Cleo Smith, the little Western Australian girl who has been missing for 18 days, has been found alive and well.
WA Police Deputy Commissioner Col Blanch said Cleo had been found early this morning inside a Carnarvon home, with a man taken into custody.
“It’s my privilege to announce that in the early hours of this morning, the Western Australia Police Force rescued Cleo Smith,” Deputy Commissioner Blanch said. “Cleo is alive and well.
“A Police team broke their way into a locked house in Carnarvon about 1am. They found little Cleo in one of the rooms. One of the officers picked her up into his arms and asked her ‘what’s your name?’ She said – ‘My name is Cleo’
“Cleo was reunited with her parents a short time later. This is the outcome we all hoped and prayed for. It’s the outcome we’ve achieved because of some incredible police work.
“I want to thank Cleo’s parents, the Western Australian community and the many volunteers. And of course, I want to thank my colleagues in the Western Australia Police Force. I can confirm we have a man from Carnarvon in custody who is currently being questioned by detectives. We’ll have more to say on the rescue of Cleo as the day unfolds. “For now – Welcome home Cleo.
How the nightmare unfolded
Cleo’s mum, Ellie Smith was living every mother’s worst nightmare. Her four-year-old daughter vanished without a trace, mysteriously disappearing from their campsite in Western Australia in the early hours of October 16.
Little Cleo woke at 1.30am on Saturday and asked for a drink of water. It was the last time her mother saw her. When Ellie woke at 6am to give her other daughter, baby Isla, a bottle, she noticed the zipper on the tent was open.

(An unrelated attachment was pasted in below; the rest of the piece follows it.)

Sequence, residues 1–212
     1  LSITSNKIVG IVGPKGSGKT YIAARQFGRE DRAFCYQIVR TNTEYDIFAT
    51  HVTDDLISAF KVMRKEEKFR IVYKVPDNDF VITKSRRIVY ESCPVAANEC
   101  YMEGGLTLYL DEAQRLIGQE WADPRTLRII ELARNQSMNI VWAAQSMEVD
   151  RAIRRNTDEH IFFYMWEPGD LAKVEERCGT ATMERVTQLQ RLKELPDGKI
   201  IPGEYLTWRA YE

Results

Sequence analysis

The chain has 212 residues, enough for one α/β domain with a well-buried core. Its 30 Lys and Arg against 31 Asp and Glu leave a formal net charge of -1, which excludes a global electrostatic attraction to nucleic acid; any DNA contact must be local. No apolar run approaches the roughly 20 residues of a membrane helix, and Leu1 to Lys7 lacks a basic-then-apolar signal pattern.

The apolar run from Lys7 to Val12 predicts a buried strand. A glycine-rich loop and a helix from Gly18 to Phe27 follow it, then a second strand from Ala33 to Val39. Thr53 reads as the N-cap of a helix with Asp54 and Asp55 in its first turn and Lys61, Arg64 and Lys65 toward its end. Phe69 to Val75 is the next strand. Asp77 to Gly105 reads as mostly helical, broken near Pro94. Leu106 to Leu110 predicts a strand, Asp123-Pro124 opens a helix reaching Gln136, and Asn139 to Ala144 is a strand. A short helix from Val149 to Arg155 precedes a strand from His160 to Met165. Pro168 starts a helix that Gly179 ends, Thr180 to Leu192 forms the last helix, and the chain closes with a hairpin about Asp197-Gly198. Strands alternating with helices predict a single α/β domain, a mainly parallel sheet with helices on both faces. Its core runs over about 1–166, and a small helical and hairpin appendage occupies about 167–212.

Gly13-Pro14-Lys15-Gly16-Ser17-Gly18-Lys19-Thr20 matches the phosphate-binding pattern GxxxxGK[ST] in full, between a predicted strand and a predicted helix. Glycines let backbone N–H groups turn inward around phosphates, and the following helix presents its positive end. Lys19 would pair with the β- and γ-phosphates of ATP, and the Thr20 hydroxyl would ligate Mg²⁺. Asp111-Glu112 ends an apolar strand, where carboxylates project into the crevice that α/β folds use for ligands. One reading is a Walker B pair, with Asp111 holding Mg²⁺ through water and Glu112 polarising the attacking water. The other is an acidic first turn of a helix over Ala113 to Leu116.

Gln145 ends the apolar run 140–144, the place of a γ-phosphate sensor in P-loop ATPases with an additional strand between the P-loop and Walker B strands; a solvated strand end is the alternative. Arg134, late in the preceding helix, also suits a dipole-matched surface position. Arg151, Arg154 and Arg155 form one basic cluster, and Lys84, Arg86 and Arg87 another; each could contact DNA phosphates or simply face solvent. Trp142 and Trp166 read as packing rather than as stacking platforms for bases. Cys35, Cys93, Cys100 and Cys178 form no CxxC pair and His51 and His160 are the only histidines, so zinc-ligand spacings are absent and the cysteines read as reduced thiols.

“She would never leave that tent alone,” an emotional Ellie explained at the time.
Since the alarm was raised on that morning, WA Police, SES, drones and aircraft have been desperately searching for the little girl. The Blowholes campsite in Macleod is remote, located about 50kms north of Carnarvon. Police admit they have ‘grave’ concerns for the honey-blonde preschooler with hazel eyes. Authorities say they were exploring all possibilities.
“If you see something, report it,” Ellie pleaded during the huge search. “It doesn’t matter if it’s small or big, or if you’re sure or not. We want our little girl home and how I’m feeling is how I’d never want any mother to feel with their child.”
Ellie and her partner Jake Gliddon, who often camp at the Blowholes, stayed at the campsite, watching the huge search, hoping for any news.
“We can’t do anything, it’s out of our hands, we just feel hopeless and out of control. She would never leave us, she would never leave the tent, when she left she was wearing a jumpsuit and she can’t go to the toilet without my help unzipping it … she would never leave the tent alone.
“If I think of her being taken a million other things cross my mind. I know she’s strong. Cleo was born eight weeks early, she was premature and she’s been strong since the day she was born. I know she can get through whatever she is going through.”
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